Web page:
Assoc. Prof. of Buddhism and Comparative Theology
Each term BC comparative theology faculty teach upper level courses on Judaism, Islam, Hinduism and Buddhism as dialogue partners for comparative theology. Courses offered this year, for example, have included: Holy Text in Comparative Perspective (Hindu, Jewish and Christian texts), Christ Compared: Readings in Comparative Theology, Readings in Classical Hindu Texts, Islamic Theology, Sufis of Islam, Judaism: Practice and Belief, Educating Toward the Other: Jewish and Christian Perspectives (of each other), Mahayana Buddhist Philosophy, and Tibetan Buddhist Traditions.
Comparative study and discussion is promoted within other Boston College programs: The Jewish-Christian-Muslim Trialogue in which scholars of each tradition regularly explore topics of mutual concern, the Center for the Study of Jewish-Christian Relationship, and our weekly Comparative Theology lunches which provide faculty and students with comparative interests a venue to share their questions, experiences and research. Speakers are regularly invited to campus to present on topics of interest to comparative theology. BC faculty are quite actively involved in regular presentations and discussions with the Boston Area Society for Comparative Theology and Boston Theological Society in their discussions of comparative theology or theology of religions. Happily also, a new multi-faith worship and meditation space has been created on BC campus for use by diverse traditions represented by our student body.
All undergraduates at Boston College are required to take two terms of theology. One of the two-term offerings that fulfill the requirement is a course called "Religious Quest" which is extremely popular with students. Each professor, in line with his or her own expertise, brings one or more other religious traditions into intimate dialogue with Christianity in a systematic way. In recent years, the comparison with Christianity has focussed on: Judaism, Islam, Hinduism, Buddhism, African Religions, Native American religions, Greco-Roman religions, or Chinese religions. The faculty and their teaching assistants are part of a comparative theology culture on campus. They meet together a few times a year to discuss what works (and what does not) in the teaching of comparative theology, and to plan presentations that in which all eight or ten Religious Quest sections may participate. This year, two panels addressed the question: "Why Study Others' Religions?" In the fall term, the panel consisted of Religious Quest faculty; in the spring term, their students presented their views on the same question.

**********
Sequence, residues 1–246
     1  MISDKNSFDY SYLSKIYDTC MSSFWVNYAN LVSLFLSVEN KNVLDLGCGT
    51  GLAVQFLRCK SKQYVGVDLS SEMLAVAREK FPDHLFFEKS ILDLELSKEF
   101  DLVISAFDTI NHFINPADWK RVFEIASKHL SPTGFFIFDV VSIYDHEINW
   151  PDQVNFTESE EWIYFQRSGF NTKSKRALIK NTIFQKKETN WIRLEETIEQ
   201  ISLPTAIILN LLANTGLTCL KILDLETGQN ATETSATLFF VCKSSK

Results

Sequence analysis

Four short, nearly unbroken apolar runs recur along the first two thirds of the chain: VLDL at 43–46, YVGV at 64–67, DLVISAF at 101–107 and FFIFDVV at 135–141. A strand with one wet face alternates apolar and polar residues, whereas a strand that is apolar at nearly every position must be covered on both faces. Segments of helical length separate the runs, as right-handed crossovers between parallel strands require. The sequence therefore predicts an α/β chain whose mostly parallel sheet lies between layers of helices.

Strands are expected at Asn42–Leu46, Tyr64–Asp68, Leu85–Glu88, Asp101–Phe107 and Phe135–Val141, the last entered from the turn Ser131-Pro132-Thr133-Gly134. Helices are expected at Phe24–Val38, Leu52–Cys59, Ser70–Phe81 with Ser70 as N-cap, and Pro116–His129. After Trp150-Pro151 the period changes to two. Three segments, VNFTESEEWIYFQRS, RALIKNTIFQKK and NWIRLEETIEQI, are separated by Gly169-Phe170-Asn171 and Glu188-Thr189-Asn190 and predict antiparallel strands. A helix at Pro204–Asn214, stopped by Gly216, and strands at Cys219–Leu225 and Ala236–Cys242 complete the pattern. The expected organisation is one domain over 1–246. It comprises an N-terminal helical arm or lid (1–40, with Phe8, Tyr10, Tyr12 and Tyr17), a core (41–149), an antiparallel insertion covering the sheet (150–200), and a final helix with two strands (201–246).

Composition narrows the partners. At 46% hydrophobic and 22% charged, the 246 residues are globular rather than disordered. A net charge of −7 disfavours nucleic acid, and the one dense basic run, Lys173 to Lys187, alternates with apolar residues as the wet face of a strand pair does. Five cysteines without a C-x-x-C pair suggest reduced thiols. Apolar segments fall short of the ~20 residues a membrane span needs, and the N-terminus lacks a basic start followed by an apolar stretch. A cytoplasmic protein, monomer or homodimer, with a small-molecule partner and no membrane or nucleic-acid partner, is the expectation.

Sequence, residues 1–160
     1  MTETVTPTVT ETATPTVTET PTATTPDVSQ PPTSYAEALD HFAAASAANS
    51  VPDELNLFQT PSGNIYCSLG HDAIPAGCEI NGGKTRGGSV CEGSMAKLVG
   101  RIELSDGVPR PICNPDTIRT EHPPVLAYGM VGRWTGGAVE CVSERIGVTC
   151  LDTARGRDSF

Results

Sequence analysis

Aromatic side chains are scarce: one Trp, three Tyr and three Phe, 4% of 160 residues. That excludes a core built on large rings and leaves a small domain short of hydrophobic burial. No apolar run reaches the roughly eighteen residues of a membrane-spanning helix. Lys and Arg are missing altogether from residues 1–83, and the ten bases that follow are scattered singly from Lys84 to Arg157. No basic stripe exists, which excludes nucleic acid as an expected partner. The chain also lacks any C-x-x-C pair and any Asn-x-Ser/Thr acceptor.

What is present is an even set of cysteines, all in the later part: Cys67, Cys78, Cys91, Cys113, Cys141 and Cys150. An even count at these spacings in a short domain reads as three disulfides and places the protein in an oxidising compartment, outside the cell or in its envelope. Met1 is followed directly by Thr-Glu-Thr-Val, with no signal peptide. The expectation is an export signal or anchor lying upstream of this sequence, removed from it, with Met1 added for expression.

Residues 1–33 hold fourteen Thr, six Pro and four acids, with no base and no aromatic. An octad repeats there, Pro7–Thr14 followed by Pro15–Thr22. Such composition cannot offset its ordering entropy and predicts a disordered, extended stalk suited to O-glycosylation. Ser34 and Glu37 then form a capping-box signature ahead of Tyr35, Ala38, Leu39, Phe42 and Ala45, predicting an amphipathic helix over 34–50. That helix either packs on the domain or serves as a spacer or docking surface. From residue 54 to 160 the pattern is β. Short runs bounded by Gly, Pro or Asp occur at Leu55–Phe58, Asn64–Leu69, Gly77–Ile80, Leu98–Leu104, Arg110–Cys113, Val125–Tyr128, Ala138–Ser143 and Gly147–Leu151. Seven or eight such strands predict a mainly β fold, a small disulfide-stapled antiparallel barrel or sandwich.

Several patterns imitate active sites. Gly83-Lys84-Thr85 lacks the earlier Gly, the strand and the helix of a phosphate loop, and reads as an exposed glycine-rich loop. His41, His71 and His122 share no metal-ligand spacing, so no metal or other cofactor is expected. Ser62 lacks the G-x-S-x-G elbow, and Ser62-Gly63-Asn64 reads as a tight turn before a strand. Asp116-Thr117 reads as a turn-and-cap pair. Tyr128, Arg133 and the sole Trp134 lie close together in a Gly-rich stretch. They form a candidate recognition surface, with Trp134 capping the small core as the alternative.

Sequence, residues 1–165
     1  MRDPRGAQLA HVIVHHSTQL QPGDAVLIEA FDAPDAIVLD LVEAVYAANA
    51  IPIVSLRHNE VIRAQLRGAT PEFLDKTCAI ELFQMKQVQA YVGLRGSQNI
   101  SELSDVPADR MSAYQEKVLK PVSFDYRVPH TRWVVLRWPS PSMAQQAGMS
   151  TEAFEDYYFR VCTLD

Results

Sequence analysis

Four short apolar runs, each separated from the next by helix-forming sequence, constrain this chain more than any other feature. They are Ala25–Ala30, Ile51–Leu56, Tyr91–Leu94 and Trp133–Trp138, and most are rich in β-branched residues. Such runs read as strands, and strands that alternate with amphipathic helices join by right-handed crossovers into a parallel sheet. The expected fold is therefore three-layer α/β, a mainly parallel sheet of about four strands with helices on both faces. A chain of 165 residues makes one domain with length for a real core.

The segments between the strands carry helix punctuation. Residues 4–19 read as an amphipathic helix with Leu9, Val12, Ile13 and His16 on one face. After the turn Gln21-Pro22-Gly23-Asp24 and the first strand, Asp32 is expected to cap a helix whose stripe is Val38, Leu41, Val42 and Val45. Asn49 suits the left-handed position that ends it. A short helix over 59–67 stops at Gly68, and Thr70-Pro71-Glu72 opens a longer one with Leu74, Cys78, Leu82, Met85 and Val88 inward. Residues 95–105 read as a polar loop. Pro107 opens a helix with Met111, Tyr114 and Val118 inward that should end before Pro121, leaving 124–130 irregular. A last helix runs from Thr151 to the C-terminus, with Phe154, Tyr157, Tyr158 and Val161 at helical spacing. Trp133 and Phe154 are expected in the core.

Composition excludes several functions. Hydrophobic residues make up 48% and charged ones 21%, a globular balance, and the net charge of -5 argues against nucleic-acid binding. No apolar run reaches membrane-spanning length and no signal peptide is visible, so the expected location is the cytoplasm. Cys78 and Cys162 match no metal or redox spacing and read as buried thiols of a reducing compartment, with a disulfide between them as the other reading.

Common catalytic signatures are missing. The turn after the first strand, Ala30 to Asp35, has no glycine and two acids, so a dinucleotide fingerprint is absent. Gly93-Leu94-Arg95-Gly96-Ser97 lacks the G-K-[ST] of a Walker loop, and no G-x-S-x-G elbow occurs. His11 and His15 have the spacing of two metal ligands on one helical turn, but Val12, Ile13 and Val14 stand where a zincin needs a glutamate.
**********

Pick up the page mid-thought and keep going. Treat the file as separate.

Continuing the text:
Currently I am writing a book, my own translation of and commentary on a twelfth century Tibetan Buddhist text that teaches specific procedures for cultivating compassion as an expression of the awareness that all things are "empty" of substantial existence (Geshe Chekawa's Seven Part Mind-Heart Training, bLo sbyong). My commentary draws upon four Tibetan traditions of the practice: Kadampa, Nyingma, Kargyu and Gelug. I am seeking thereby to provide new means of entry into core Mahayana Buddhist understandings by way of meditative experience, and to do so in a way that is both rigorous, accountable to tradition, and more accessible to non-Buddhists than prior commentaries. Increasingly I have been invited to teach these practices and associated concepts in retreats and workshops throughout the United States. In those settings, I've explored introducing such things both to long Buddhist practitioners and to non-Buddhists, notably Christian and Jewish scholars and teachers. This provides a rich matrix of comparative dialogue and mutual learning, which informs not only my current book project, but also my classroom teaching.
I have found Boston College's Catholic ethos a rich context for my own reflections, informing my interests in Buddhist Studies through comparison: e.g. 1) ways that Buddhist practices of offering, service and devotion are closely connected to the cultivation and expression of wisdom (analogues in Christian practice); 2) liturgical, ritual expressions of that intended to open humans to the triadic nature of reality as Buddhahood embodied (tri-kaya) or Trinity; 3) the intimate relationship between unconditional love and the wisdom that knows reality as it is in Christian and Buddhist understanding; 4) the Mahayana concept of "skillful means" as a traditionally ahistorical hermeneutic to make sense of an historical phenomena: diverse means through which so many different cultures have apparently "caught on" and expressed the Buddha's teaching --- parallels and contrasts with Christian strategies for relating the one to the many.John Makransky,
Buddhism and Comparative Theology,
Created: October 4, 2000 Updated: April 7, 2001